Forwarded from the Other Front

Louis Proyect lnp3 at
Tue Jun 13 07:30:13 MDT 2000

This week's edition of The Other Front is on line, with articles

*The Death of Assad: Golan Syrians in Mourning
*Barak's Ruling Crisis (see below)
*The Akel Family: Home near Hebrew University to be Demolished
*Latest in Settlement Expansion
*The Histadrut Calls Off General Strike
*Refugees: Area Camps Celebrate Opening of Cultural Center
*Refugees: Another Petition Affirms the Right of Return
*News Briefs
*AIC Publication: Facts on the Golan Heights

We are located on the Alternative Information Center's website at

by Sergio Yahni

The victory achieved by organized labor on Sunday is part of
a general ruling crisis that the Barak government is facing.

Last Wednesday the government lost the vote in a bill by the
opposition that calls for new elections. Forty-eight MKs
supported the government (including Hadash, Tajamu', and
Ra'am, Arab parties that are part of the opposition). Sixty-one
MKs voted against the government, including the National
Religious Party (Mafdal), Shas and Israel Ba'aliah, all of
whom are still members of the coalition. The absurd situation
is then created where in the government sit ministers that
practically voted no confidence in themselves by calling for
new elections.

Shas' 17 MKs voted with the opposition as a warning to the
Prime Minister in his apathy in the fight against Meretz's
Minister of Education, who is in constant opposition to Shas'
educational system "El HaMa'ayan". Mafdal and Israel
Ba'aliah voted with the opposition in protest to the Israeli
"concessions" in Abu Dis and other developments in the
political process with the Palestinians.

Despite the large majority achieved by the opposition, none of
the political parties represented in parliament are interested
in immediate elections, rather are interested in showing the
weakness of the Barak government. This weakness is part of a
ruling crisis, where none of the three major politicaL parties
are able today to establish a stable coalition.

Despite the high number of votes that Barak received in the 1999
elections, his government cannot achieve a popular basis outside
the parliament due to its anti-popular economic policy which
attacks the social rights of the most impoverished: the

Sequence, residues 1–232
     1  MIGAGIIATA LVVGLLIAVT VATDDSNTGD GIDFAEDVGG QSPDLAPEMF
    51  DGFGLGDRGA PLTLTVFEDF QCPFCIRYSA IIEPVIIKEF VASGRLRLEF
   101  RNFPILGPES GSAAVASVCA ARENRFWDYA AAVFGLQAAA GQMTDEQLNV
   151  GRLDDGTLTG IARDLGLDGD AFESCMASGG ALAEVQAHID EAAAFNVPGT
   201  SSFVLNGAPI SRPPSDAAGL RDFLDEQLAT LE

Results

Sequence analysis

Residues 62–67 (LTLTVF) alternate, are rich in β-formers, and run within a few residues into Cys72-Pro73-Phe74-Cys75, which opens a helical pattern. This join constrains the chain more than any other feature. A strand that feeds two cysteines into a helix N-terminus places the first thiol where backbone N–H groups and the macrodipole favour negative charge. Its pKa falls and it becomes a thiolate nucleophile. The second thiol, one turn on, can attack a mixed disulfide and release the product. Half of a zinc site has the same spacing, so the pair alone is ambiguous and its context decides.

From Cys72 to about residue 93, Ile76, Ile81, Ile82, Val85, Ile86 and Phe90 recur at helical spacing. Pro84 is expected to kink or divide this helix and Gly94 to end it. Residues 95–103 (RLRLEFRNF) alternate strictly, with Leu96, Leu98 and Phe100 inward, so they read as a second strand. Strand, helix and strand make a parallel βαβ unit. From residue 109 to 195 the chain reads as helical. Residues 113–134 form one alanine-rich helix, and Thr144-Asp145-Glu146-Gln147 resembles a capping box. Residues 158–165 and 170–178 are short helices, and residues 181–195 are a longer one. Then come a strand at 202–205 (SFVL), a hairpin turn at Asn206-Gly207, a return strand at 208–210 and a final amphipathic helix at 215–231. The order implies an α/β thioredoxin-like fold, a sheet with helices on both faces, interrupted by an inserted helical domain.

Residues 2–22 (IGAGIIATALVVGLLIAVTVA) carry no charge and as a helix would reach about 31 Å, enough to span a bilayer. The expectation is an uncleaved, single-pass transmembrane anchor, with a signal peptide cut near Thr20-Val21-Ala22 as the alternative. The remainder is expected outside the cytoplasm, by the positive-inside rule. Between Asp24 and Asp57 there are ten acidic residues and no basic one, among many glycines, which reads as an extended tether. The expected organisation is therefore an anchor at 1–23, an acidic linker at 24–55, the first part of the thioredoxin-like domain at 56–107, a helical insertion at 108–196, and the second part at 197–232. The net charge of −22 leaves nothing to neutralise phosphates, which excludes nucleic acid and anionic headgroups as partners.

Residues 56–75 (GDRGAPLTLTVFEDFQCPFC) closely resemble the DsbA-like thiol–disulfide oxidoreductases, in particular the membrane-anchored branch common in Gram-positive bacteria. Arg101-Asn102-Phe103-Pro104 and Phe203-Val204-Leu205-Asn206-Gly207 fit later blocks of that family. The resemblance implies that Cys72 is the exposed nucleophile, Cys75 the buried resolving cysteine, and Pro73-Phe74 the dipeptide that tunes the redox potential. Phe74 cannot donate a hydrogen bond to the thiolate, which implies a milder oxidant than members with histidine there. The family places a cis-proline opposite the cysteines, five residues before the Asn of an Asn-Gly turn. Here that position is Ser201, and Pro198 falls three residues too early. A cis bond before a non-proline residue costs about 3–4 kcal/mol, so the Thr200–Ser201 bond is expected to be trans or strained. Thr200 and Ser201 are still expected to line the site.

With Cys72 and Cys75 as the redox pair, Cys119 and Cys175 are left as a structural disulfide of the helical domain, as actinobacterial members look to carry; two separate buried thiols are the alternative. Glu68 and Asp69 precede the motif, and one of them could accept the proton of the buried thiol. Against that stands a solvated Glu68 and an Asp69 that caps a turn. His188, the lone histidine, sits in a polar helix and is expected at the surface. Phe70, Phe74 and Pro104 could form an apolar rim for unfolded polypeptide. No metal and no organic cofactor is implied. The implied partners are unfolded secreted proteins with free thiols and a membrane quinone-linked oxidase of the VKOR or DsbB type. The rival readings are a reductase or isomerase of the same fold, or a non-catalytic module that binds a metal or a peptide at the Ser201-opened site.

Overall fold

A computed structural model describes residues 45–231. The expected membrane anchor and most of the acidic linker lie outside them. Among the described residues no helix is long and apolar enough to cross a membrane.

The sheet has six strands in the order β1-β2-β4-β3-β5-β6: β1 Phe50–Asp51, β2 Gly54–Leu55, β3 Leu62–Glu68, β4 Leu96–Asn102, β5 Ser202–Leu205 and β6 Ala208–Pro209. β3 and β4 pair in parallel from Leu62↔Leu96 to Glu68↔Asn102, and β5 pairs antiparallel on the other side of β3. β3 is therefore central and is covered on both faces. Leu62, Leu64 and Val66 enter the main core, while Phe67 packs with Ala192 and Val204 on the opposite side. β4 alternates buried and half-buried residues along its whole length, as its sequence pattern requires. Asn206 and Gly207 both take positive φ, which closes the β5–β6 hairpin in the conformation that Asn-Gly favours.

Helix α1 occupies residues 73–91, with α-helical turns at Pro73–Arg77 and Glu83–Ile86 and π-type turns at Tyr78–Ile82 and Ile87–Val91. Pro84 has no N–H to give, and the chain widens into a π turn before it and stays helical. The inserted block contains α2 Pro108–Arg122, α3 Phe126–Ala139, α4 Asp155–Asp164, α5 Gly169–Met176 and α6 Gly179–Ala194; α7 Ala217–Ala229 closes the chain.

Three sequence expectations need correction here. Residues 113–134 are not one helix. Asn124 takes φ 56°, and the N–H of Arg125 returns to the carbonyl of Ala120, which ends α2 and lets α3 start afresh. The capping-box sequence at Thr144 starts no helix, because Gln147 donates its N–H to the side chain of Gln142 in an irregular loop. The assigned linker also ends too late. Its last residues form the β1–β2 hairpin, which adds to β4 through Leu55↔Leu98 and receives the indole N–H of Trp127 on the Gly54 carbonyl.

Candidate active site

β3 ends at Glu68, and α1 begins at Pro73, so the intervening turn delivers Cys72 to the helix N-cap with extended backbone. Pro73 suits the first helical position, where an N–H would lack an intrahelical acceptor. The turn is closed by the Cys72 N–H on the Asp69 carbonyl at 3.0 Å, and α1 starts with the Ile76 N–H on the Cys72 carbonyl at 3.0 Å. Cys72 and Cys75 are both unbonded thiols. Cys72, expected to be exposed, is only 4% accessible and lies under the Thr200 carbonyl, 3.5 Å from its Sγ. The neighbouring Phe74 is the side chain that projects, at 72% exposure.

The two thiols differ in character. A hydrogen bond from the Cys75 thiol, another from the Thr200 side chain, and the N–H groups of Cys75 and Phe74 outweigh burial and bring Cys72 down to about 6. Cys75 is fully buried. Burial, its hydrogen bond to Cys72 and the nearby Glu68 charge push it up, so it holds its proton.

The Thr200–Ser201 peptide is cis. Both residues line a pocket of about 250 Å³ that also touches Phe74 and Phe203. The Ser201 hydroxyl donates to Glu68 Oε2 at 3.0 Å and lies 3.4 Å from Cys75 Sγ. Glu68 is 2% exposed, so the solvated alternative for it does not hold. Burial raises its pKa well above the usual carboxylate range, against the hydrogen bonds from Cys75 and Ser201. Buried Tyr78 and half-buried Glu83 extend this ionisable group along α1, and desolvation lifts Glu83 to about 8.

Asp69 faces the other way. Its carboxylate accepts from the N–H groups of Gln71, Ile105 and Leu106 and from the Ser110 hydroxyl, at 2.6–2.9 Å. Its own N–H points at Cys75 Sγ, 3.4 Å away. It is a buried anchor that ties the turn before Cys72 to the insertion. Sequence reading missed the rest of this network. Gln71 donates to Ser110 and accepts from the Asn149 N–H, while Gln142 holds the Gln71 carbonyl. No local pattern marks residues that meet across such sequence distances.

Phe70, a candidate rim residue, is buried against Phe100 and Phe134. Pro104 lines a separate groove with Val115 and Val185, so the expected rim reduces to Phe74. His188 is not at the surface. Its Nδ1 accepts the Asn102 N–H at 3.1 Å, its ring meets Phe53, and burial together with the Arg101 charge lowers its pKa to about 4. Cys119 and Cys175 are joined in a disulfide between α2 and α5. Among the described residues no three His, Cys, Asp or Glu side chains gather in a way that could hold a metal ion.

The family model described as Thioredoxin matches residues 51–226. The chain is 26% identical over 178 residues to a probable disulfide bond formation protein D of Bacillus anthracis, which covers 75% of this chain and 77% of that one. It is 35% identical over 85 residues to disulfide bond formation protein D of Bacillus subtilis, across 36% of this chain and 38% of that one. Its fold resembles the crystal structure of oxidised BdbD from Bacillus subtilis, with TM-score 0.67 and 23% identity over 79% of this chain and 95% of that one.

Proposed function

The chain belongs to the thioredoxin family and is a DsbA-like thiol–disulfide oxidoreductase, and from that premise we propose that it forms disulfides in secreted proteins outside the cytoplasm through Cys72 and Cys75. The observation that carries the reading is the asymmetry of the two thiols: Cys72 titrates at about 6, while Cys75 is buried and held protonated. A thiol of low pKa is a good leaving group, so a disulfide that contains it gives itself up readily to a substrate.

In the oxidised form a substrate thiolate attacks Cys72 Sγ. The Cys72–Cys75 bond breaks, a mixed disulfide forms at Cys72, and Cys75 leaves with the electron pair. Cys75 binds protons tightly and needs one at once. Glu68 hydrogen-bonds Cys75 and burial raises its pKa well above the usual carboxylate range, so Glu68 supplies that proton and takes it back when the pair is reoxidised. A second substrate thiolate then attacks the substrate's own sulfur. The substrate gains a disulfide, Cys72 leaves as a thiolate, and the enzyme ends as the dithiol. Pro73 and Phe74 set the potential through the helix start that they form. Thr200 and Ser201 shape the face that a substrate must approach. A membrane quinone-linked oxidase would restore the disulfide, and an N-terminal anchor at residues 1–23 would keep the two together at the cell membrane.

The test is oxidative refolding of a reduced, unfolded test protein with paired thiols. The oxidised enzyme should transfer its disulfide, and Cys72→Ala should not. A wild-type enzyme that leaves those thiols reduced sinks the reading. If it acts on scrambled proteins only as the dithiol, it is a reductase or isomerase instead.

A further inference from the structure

unemployed, women, and organized labor. If he attempts to
create a government coalition with the openly neo-liberal and
anti-religious party of Shinui together with the Arab parties,
he opens the doors to a populist coalition of  Shas and the
settlers, which will be able to mobilize huge masses in the

There exists a street fight for the same constituency in this
zero sum game: votes that go to Shas come from the Likud and
vice versa. Neither Shas, nor the Likud are yet ready to test
who will win. At the same time, Shas knows that today, towards
the new elections, the Likud is in a better position – they are
an active opposition while Shas has stayed in the government
without achievements. The same situation is true between Meretz
and Shinui. So, if Barak gives-in to Shas' demands Meretz
immediately becomes a factor of instability because of its
political war with Shinui, but if he doesn't give-in, then Shas
becomes a factor of instability.

With such a situation, Barak couldn't let the organized labor
movement become one more subversive factor. Paradoxically,
despite their oppositionist rhetoric, the only political parties
represented in the parliament that do not attempt to become a
destabilizing factor for the Barak government are the communist-
led Hadash, the Palestinian nationalist Tajamu', and the
Islamic-led Ra'am. None of these political forces attempt today
to combine parliamentary instability with popular unrest.

Louis Proyect

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